“Wok-Grilled” Sesame Shrimp and Snap Peas

Tony writes: Hang around the grill aisle at Home Depot or Bed Bath and Beyond long enough (and I do… regularly) and you start to wonder about the vast sea of bbq gadgets and tchotchkes. Are any of them worth a purchase? Maybe it’s the recent heat wave (which has given me an overpowering urge to grill literally everything) or maybe I’m just losing it, but I’ve transitioned from grill-gadget browser to buyer. My first big purchase was a stainless steel perforated grill basket a week ago (a Mr Bar-B-Q for $12.99). I know – these baskets have been around for forever (all the way back to campfire cooking) – but I finally felt compelled to give one of the sturdier-looking ones a test drive. The baskets’ basic premise is to make things that don’t fit on the grill – ie: small/thin vegetables – grill-able (so they can’t fall through the grates)  Clearly, if these baskets were a grilling necessity, they would already have become part of the cannon. But most grill experts are traditionalists; maybe there are some lands left to discover.


The technique: Holes or not, I decided to treat this wide, flat basket like an outdoor saute pan: set it over a hot fire and then grill/shake like-sized ingredients for a couple of minutes until browned and cooked through. It was only natural to co-opt the method into a stir-fry. Wok cooking relies on intense heat that, when executed properly, produces a smoky flavor similar to grilled fare (this smokiness is known as wok hei; in her master tome The Breath of a Wok, Grace Young explains it a heck of a lot more elegantly). The basket could mimic true wok cooking, only outside (where it won’t smoke out the house). I sliced up some pepper and red onion, trimmed snap peas, and cleaned shrimp and then tossed them all with a little oil, salt and pepper. I grilled the shrimp and vegetables, shaking, until browned and cooked through. And then the sauce. Unlike a true stir-fry, this one would have to be sauced off the heat, so I transferred the grilled stir-fry to a large bowl and tossed with a light mixture of rice vinegar and sesame oil. And it was good, good enough to repeat a couple of times since. Perhaps as important to this tale, the clean-up was mostly successful. Warm water and soap cleaned off all of the grilled debris from the basket. And though it would be hard to imagine the basket lasting more than a couple of grill seasons, at $12.99, it’s worth a buy (and this recipe worth a try).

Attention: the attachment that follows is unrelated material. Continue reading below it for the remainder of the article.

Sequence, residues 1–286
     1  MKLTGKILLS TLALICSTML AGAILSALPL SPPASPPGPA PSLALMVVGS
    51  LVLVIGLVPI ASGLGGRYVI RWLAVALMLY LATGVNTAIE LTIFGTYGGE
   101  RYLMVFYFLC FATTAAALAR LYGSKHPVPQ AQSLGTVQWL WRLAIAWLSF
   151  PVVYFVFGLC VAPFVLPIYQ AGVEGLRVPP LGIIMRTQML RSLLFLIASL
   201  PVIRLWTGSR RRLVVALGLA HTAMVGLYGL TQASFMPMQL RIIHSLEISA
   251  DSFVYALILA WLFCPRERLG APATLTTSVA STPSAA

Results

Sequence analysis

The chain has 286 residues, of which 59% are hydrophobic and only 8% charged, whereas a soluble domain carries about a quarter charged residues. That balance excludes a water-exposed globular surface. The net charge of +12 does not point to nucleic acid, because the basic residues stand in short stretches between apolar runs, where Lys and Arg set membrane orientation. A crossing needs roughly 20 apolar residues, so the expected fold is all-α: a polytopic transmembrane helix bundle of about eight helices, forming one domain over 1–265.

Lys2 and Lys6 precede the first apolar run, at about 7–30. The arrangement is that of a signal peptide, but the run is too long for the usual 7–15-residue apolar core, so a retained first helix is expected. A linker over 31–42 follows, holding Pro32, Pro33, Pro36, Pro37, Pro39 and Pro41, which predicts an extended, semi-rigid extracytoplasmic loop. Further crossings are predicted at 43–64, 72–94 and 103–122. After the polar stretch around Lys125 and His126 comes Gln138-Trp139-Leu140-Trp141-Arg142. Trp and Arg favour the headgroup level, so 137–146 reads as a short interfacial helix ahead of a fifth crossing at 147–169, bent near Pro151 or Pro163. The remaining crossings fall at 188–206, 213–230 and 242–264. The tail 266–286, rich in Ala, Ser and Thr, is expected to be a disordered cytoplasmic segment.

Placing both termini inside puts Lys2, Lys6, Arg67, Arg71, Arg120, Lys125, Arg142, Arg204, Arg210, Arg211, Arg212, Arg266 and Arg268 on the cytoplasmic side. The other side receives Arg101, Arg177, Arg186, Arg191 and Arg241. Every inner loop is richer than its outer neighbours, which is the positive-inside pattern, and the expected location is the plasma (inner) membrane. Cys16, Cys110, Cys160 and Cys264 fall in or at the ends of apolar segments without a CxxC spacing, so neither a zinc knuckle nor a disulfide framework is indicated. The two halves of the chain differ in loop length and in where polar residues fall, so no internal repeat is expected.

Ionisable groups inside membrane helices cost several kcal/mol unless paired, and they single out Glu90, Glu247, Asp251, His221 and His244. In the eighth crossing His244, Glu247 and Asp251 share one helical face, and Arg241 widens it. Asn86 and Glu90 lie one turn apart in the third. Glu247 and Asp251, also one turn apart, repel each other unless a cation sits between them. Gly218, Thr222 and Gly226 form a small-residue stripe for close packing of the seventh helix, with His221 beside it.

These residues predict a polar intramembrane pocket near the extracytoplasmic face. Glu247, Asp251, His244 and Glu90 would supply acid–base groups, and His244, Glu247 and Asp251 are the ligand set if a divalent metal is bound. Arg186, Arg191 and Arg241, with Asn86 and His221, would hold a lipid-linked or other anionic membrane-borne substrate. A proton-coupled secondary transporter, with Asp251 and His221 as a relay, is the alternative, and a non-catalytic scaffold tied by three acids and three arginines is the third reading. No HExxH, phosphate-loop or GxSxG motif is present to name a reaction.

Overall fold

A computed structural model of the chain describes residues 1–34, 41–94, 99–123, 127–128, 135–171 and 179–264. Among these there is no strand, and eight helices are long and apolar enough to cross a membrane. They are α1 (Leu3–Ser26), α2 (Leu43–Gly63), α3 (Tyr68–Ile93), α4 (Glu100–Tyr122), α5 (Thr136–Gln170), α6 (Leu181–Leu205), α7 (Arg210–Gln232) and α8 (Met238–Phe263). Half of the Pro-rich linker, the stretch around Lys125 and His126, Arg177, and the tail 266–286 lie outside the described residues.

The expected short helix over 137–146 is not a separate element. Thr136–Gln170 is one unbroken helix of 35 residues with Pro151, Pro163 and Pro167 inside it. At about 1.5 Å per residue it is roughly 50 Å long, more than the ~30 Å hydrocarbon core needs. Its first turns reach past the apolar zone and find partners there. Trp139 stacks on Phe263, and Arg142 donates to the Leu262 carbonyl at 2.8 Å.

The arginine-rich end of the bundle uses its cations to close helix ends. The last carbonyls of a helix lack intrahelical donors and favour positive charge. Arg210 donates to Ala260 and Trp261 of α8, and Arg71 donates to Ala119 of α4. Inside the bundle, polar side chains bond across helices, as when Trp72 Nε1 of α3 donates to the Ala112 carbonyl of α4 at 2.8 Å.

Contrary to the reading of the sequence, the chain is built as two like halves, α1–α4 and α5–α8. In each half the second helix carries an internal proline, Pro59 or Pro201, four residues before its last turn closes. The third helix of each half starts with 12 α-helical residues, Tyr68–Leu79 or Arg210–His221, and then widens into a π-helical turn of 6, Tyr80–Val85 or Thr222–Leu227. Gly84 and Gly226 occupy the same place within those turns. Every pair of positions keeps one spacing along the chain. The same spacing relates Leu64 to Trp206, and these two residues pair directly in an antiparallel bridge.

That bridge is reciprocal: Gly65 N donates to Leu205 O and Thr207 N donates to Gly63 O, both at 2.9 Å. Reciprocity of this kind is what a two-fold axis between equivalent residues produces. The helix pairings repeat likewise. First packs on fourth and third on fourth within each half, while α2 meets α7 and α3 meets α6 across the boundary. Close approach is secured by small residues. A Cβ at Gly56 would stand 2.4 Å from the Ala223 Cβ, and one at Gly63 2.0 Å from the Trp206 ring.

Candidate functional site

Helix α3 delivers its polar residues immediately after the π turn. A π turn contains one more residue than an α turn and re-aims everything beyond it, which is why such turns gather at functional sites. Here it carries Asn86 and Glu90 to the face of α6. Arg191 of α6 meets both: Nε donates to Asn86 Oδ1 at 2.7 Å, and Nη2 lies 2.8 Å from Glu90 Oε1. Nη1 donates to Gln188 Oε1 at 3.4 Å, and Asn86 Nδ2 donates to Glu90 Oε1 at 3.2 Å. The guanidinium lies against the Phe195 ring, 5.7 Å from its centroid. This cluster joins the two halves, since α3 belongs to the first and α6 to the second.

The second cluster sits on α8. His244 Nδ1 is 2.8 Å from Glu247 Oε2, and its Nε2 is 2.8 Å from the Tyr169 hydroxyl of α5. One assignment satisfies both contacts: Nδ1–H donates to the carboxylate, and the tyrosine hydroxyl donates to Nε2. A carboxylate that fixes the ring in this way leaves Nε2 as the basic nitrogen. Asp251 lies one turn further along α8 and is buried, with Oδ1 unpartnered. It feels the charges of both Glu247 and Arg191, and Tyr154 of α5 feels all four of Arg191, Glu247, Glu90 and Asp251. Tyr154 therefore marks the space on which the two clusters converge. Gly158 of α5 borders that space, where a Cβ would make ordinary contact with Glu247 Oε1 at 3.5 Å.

1. Prep: Light up the grill (heat the gas grill to medium-high or prepare a medium charcoal fire). Peel and devein 3/4 lb. shrimp (preferably 16-20 count); rinse under cold running water, then pat dry with paper towel to remove all surface moisture (this is important so the shrimp browns properly). Thinly slice 1/2 red bell pepper and 1 red onion. Remove the  stem ends of 1/2 lb. snap peas (and discard the stringy seams running along the sides). Add the shrimp and vegetables to a large bowl and sprinkle with 1 1/2 Tbs. canola oil and S+P (about 3/4 tsp. each).



2. Grill: Heat the empty basket over the fire for 3 or 4 minutes so it gets good and hot. Add the shrimp and vegetables and cook, undisturbed for 1 to 2 minutes, until they start to brown. Using tongs and a grill mitt (or a folded dish towel), stir the ingredients so they flip and cook through all around (check the shrimp with a paring knife), about 2 to 3 minutes more.


3. Toss with flavorings: Meanwhile, in another (clean) bowl, whisk together 1 Tbs. toasted sesame oil, 1 Tbs. rice vinegar, 1 Tbs. soy sauce, 1 tsp. Sriracha sauce, and 1 tsp. granulated sugar. Add the grilled shrimp and vegetables and toss well. Add more of any of the ingredients to taste and serve with steamed browned rice.


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